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The 5 month streak in which the manufacturing ISM PMI was below 50 was the 4th longest streak since 1950 where the manufacturing sector was in contractionary territory outside of a recession. A PMI recession, doesn’t mean an actual recession will occur. Now that both are above 50, recession odds have fallen further. Specifically, the non-manufacturing ISM PMI increased from 55 to 55.5. This beat estimates for 55.2. Just like the manufacturing PMI, the services PMI beat its 1 year average by 0.1. It was the highest PMI since August.

ISM Details: 2.4% GDP Growth Implied

The non-manufacturing PMI was consistent with 2.4% GDP growth just as the manufacturing PMI was. 12 of 16 industries in the non-manufacturing report had positive business activity growth. The business activity index increased 3.9 points to 60.9. The new orders index rose 0.9 to 56.2. However, the employment index fell from 54.8 to 53.1. The ADP report which we will review next, showed the exact opposite results. It lessened investors’ concerns about the labor market. The consensus for the January BLS report still expects job creation of 158,000.

The inventories index fell 4.5 points to 46.5 similar to the manufacturing PMI. With the recent drawdown in inventories in Q4 (GDP report) and January (ISM reports), inventory investment could increase in the next couple of months. That would reverse the -1.1% impact on GDP that occurred last quarter. The prices index fell 3.8 to 55.5 which is consistent with the recent decline in wage growth and the decline in commodities prices this year.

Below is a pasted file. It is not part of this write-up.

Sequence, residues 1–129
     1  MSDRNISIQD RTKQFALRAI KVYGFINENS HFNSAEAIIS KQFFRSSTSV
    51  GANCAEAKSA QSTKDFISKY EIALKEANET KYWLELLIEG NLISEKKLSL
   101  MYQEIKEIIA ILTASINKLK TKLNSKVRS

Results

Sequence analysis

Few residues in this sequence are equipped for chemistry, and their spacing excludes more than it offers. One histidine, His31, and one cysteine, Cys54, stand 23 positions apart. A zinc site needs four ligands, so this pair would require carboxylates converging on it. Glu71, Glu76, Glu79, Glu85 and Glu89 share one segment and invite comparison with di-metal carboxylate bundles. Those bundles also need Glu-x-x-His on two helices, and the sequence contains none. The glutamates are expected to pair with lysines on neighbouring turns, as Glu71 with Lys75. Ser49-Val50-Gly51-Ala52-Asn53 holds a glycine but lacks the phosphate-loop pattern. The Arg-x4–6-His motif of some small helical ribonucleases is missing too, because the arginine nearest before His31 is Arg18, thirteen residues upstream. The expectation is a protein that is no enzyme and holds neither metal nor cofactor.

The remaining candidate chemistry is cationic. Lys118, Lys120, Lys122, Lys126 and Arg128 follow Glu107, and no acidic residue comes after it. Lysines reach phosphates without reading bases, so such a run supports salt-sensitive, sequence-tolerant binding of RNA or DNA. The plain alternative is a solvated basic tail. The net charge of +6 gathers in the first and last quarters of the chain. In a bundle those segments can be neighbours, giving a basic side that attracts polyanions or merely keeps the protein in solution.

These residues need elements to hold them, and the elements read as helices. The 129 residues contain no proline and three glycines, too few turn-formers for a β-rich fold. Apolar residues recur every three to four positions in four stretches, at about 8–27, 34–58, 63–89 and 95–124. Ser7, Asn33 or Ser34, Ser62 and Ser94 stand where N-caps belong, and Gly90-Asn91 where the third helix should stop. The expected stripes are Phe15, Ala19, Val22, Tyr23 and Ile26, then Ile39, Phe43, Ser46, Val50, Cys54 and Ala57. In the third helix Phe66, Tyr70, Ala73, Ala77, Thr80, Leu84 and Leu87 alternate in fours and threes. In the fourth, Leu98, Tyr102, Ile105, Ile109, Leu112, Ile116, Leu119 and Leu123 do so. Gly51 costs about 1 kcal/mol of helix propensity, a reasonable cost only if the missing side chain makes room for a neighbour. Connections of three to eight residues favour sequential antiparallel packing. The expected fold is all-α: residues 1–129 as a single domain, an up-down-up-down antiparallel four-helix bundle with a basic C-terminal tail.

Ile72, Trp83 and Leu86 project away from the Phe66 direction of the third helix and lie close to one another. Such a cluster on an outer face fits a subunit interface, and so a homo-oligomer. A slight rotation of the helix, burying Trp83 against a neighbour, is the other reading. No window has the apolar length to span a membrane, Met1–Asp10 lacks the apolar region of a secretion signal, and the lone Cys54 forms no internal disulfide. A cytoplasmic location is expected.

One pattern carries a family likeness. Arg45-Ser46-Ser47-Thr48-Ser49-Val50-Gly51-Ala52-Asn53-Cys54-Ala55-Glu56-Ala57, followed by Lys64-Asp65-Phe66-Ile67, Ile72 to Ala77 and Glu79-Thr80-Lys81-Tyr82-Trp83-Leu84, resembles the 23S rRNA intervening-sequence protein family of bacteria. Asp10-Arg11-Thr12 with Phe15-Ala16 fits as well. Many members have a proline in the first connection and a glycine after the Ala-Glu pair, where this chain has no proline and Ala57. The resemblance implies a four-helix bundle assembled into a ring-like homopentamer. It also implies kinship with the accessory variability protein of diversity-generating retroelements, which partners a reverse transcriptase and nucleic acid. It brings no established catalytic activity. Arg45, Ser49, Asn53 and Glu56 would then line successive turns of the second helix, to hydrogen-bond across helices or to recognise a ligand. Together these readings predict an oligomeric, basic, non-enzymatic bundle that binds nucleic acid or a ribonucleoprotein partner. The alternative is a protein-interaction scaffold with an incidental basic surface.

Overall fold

The export index fell 0.9 to 50.1 and the import index rose 7.1 to 55.1. Net trade might also reverse its impact on GDP as it helped Q4 growth by 1.5%. The December international trade report just showed the trade deficit rose from $43.7 billion to $48.9 billion. There was one mention of the tariffs in the comment section of the ISM report. For the first time, a firm mentioned the Chinese coronavirus. A healthcare and social assistance firm stated, “Closely monitoring China’s coronavirus and its potential impact on medical supplies like surgical masks and protective goggles.” Many American firms have temporarily shuttered their business in China. However, recent rise in Chinese equities suggests the worst is over.

Big January ADP Private Sector Payrolls Beat

The January ADP private sector jobs report was fantastic, but it’s not always consistent with the BLS reading. In fact, when it’s this great, it’s usually too optimistic. Specifically, December job creation was revised down 3,000 jobs to 199,000. Job creation was 291,000 in January which beat estimates for 154,000 and the highest estimate of 190,000. As the chart below shows, this was the 5th biggest estimate beat in the 13 years this report has existed and the biggest beat in 8 years.